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Mandatory Course 4: International Policy Analysis
|Master programme in||
International Public Administration and Politics * / International Politics and Governance
|Type of activity||
|REGISTRATION AND STUDY ADMINISTRATIVE|
When registering for study activities, please be aware of the potential conflicts between study activities or exam dates. The planning of activities at Roskilde University is based on the recommended study programs which do not overlap. However, if you choose optional courses and/or study plans that goes beyond the recommended study programs, an overlap of lectures or exam dates may occur depending on which courses you choose.
|Number of participants||
|Responsible for the activity||
Sevasti Chatzopoulou (firstname.lastname@example.org)
|Head of study||
Sevasti Chatzopoulou (email@example.com)
ISE Registration & Exams (firstname.lastname@example.org)
This course focuses on international policy and how it is affected by international politics and governance. While International policy analysis presents certain similarities to that at the state level, it differs significantly. This course aims to provide a deep understanding of the rationale of international policy analysis and on how we can combine international relations and international public administration theories in this endeavor. International Policy Analysis focuses on the policy processes that are characterized by cooperation, negotiation, and/or conflicts involving various actors during the different phases of the policy cycle.
The international policy processes differ among policy areas and across governance levels (e.g. local, national, regional and international). The course provides theoretical knowledge on how policy is designed, decided, implemented, and evaluated in order to address international policy problems.
To enable the students to understand how international policy making occurs, the course provides empirical knowledge on specific policy areas (e.g. environmental or foreign policy) related to current events and policy initiatives (e.g. United Nations 17 Sustainable Development Strategy). The course focuses on policy instruments and how they differ across policy areas: From policy areas characterized by binding rules and sanctions to policy areas that are based on soft law and guidelines.
Policy areas include social policies, labor policy, pension, climate change and environment, Health and Food as well as foreign and security policies. Important overarching questions include: How do we define an international policy problem? Why and when do we need international policy solutions? What are the benefits and limits of the policy cycle framework in international policy analysis? Who are the actors and institutions involved in the different phases of the policy cycle? How these actors operate at different levels in selected policy areas? Which institutions operate at different levels in selected policy areas with which mandates and competences? How does their influence differ across countries and regions, and why?
Teaching consists primarily of lectures and continuous interaction and discussions with the students on a specific policy area. Each lecture concentrates usually on one policy area and introduces a relevant theoretical perspective depending on the type of policy area.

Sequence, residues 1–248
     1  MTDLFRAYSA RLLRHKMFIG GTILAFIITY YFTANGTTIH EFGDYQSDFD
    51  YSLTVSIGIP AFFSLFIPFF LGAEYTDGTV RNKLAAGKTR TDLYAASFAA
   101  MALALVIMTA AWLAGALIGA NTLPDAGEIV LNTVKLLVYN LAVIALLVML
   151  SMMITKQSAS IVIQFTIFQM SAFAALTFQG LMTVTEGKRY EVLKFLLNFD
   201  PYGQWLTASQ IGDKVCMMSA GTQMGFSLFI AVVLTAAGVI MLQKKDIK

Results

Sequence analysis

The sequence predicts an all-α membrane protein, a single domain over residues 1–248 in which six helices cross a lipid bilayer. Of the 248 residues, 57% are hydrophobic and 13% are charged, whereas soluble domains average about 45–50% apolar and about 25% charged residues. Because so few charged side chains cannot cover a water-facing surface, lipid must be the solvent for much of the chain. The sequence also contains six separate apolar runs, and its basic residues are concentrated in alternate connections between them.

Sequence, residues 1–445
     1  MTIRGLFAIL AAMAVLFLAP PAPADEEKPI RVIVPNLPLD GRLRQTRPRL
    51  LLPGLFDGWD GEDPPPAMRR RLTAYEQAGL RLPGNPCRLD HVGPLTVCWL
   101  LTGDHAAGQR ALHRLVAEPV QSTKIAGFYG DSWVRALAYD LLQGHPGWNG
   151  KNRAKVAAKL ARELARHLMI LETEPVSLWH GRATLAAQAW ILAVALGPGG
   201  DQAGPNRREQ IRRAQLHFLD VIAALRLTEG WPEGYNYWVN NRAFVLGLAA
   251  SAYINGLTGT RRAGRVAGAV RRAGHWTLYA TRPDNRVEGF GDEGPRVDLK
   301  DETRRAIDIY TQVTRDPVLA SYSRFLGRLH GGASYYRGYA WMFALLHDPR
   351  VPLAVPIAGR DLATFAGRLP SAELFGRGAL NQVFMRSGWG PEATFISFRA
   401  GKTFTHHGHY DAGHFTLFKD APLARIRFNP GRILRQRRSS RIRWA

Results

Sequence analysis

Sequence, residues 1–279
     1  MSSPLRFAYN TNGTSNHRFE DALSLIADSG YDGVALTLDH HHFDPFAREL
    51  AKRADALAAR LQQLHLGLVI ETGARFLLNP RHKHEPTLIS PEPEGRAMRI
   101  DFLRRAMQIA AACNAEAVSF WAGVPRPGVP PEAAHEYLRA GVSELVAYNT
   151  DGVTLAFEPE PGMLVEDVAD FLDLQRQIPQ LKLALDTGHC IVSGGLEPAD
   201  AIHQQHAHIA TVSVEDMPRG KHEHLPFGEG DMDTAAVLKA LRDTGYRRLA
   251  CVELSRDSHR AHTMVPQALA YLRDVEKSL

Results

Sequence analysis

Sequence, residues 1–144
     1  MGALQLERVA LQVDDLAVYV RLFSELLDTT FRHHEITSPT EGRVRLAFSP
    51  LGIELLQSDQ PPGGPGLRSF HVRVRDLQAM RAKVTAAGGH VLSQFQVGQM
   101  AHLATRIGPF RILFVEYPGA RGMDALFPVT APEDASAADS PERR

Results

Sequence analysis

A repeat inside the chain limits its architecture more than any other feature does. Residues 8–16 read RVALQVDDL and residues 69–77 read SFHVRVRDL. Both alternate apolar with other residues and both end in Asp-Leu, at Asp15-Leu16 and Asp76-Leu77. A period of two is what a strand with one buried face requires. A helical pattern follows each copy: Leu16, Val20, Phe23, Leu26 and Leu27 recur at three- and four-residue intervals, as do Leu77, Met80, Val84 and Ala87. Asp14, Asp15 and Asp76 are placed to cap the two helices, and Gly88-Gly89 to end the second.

|Detailed description of content||
Students wil pick a question by drawing lots, with a preparation time of 30 minutes. The exam starts with the student answering the selected question. Following the student's answer to the selected question, the examiner and co-examiner will ask questions, which will cover the entire currciululum of the course.
|Course material and Reading list||
The pensum consists of the entire course literature, as specified on Moodle.
|Overall plan and expected work effort||
Expected work effort 10 ECTS, equivalent to about 300 work hours, of which 20 hours for classes, 220 hours for class preparation, and 60 hours for exam preparation.
|Evaluation and feedback||
A mid-term evaluation will take place in class, with a view to adadpting the remainder of the course in response to student feedback, where feasible.
Programme will be available on Moodle
|Overall learning outcomes||
|Form of examination||
Individual oral exam with time for preparation.
Time for preparation including time to pick a question by drawing lots: 30 minutes.
Time allowed for exam including time used for assessment: 30 minutes.
Permitted support and preparation materials: All (only notes written during the preparation may be brought into the exam).
Assessment: 7-point grading scale.
Moderation: Internal co-assessor.
|Form of Re-examination||
Samme som ordinær eksamen / same form as ordinary exam
|Type of examination in special cases||
|Examination and assessment criteria||
Individual oral exam with time for preparation. Time for preparation including time to choose a question by drawing lots: 30 minutes. Time allowed for exam including time used for assessment: 30 minutes. Grading is based on the Danish grading scale, which consists of seven grades.
Assessment criteria (4) Students will be assessed on their ability to 1. Unfold and assess the various dimensions of international policy problems 2. Develop and describe alternative solutions to solve policy challenges, for instance, diplomatic discussions, international agreements, sanctions, etc. 3.Compare and evaluate the feasibility, or lack thereof, of policy solutions and the necessary resources and policy tools. 4. Apply methods of policy analysis covered in the course, such as the policy cycle model or case study research, to international policy problems